Interview with Angus Gordon, January 28, 1976

Project: University of Kentucky Oral History Project

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Interview Summary

Angus N. Gordon begins this interview by discussing the problems with the honor system at the University of Kentucky while he was a student, where cheating was known to be wide-spread. Gordon recalls he had little time to participate in social activities, but was a member of the Union Philosophical and Literary Society as well as the Patterson Literary Society. Gordon talks about being a member of the Reserve Officers' Training Corps (ROTC) just prior to World War I. He talks about the uncertainties expressed by the students regarding going to war.

Gordon discusses the relationship between the university, the student body, and the Lexington, Kentucky community. He mentions an issue when a student disappeared, possibly during a fraternity hazing incident. It was rumored that the student was killed, but nothing was ever proven, and the student was never found. Gordon discusses the library, which he thought was "more than adequate," but was probably used more for "courting and dating than for studying". Students were not allowed to check out books until around 1931, so they would get a card for the public library. He mentions Dr. Frank L. McVey and Frances Jewell McVey. He remembers that athletics played a large role on campus, especially football. Centre College was their biggest opponent. He talks about the fire in Dean F. Paul Anderson's office, which destroyed the records of several players accused of being ineligible to play.

Gordon mentions that several politicians came to speak on campus, including William Jennings Bryan during the Scopes trial. He recalls that Teddy Roosevelt and then Assistant Secretary of the U.S. Navy Franklin D. Roosevelt spoke downtown at the train station. Gordon asked Roosevelt whether a student trained in both agriculture and ROTC should volunteer for service, an issue which was a continuous debate on campus. Roosevelt responded that agriculturally trained students should remain at home to farm. Gordon remembers that faculty positions were limited for women, but they were allowed to participate in the Home Economics Department under Miss Mary E. Sweeney. He recalls that roles were more traditional for both men and women during this time.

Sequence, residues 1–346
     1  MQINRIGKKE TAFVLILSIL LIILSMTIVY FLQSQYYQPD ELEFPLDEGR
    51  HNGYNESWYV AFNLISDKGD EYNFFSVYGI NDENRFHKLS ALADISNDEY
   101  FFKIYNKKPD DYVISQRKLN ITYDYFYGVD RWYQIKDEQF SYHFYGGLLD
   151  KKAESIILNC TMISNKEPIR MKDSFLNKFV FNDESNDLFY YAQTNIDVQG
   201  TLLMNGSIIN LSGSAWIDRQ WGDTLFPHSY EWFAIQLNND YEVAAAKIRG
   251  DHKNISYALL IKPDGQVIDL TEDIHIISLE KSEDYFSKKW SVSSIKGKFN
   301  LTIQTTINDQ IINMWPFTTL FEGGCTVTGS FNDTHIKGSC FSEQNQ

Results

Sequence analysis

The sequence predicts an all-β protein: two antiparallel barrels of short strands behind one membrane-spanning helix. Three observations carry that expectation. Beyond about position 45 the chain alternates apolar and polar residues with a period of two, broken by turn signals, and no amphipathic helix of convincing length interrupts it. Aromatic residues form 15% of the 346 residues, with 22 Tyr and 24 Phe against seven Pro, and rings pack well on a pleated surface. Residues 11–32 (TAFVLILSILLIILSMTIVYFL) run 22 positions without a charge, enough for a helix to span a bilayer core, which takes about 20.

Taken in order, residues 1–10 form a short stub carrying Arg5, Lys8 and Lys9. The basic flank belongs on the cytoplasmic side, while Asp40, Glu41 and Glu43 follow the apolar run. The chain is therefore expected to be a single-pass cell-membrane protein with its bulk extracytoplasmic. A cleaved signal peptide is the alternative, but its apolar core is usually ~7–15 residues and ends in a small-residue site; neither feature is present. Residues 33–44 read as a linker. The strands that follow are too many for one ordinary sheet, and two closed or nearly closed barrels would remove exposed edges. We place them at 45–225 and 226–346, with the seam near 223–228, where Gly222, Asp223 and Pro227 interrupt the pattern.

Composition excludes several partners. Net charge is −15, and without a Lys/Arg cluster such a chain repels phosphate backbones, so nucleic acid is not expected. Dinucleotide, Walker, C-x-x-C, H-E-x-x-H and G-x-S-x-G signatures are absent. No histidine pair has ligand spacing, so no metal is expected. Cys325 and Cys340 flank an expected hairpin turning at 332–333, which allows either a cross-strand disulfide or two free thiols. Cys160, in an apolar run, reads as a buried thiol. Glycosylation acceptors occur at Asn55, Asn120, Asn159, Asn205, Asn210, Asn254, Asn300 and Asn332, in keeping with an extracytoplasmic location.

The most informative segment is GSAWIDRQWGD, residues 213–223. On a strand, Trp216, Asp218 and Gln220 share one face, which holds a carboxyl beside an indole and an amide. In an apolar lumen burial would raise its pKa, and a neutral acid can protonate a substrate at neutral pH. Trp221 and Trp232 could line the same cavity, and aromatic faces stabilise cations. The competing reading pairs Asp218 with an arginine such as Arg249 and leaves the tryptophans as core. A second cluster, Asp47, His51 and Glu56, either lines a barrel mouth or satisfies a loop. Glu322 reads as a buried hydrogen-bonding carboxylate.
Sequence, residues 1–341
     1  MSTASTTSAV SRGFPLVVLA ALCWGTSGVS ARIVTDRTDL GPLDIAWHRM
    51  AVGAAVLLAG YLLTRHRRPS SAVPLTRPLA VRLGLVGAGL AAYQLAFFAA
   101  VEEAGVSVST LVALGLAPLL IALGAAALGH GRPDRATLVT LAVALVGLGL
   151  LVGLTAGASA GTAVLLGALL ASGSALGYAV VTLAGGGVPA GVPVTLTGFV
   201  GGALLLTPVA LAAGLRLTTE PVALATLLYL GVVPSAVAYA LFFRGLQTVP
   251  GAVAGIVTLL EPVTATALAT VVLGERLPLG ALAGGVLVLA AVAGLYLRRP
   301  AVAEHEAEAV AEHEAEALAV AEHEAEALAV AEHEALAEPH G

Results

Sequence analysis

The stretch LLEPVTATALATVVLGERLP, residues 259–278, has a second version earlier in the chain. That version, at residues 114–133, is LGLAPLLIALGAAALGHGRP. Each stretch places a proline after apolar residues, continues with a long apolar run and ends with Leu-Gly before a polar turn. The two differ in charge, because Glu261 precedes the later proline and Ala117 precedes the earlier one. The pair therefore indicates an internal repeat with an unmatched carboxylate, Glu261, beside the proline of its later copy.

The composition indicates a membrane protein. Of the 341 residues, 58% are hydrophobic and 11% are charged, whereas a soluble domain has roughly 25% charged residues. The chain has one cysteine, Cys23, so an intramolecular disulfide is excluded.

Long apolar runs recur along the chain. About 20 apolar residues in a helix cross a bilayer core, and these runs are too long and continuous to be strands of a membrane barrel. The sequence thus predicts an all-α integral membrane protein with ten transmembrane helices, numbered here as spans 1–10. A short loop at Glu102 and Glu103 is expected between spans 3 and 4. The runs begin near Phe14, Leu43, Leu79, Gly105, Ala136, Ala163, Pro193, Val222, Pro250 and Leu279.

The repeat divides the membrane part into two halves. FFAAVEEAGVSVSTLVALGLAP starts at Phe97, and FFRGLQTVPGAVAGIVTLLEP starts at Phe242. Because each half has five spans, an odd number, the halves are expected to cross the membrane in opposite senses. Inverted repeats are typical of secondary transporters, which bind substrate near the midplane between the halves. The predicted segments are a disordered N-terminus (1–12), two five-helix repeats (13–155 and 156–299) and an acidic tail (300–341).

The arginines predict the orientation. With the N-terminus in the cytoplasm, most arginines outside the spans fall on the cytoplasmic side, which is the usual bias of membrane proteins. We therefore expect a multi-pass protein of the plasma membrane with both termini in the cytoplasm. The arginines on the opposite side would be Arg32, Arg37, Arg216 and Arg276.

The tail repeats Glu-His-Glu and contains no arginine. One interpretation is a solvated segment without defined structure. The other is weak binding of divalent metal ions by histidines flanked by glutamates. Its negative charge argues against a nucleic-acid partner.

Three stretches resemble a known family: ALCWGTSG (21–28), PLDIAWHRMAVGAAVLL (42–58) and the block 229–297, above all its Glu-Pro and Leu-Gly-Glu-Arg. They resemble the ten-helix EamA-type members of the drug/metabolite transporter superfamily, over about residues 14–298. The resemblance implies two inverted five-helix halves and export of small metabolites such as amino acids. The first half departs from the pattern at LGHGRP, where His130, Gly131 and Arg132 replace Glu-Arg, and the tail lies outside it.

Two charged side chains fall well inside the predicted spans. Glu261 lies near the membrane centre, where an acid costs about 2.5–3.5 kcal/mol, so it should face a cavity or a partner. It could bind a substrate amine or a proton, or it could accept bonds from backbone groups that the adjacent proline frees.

Interview Accession

1976oh011_af021

Interviewee Name

Angus Gordon

Interviewer Name

Terry L. Birdwhistell

Interview Date

1976-01-28

Interview Rights

All rights to the interviews, including but not restricted to legal title, copyrights and literary property rights, have been transferred to the University of Kentucky Libraries.

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Interviews may be reproduced with permission from Louie B. Nunn Center for Oral History, Special Collections, University of Kentucky Libraries.

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Interviews may be reproduced with permission from Louie B. Nunn Center for Oral History, Special Collections, University of Kentucky Libraries.

All rights to the interviews, including but not restricted to legal title, copyrights and literary property rights, have been transferred to the University of Kentucky Libraries.

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Gordon, Angus Interview by Terry L. Birdwhistell. 28 Jan. 1976. Lexington, KY: Louie B. Nunn Center for Oral History, University of Kentucky Libraries.

Gordon, A. (1976, January 28). Interview by T. L. Birdwhistell. University of Kentucky Oral History Project. Louie B. Nunn Center for Oral History, University of Kentucky Libraries, Lexington.

Gordon, Angus, interview by Terry L. Birdwhistell. January 28, 1976, University of Kentucky Oral History Project, Louie B. Nunn Center for Oral History, University of Kentucky Libraries.





Persistent Link for this Record: https://kentuckyoralhistory.org/ark:/16417/xt78cz324v8w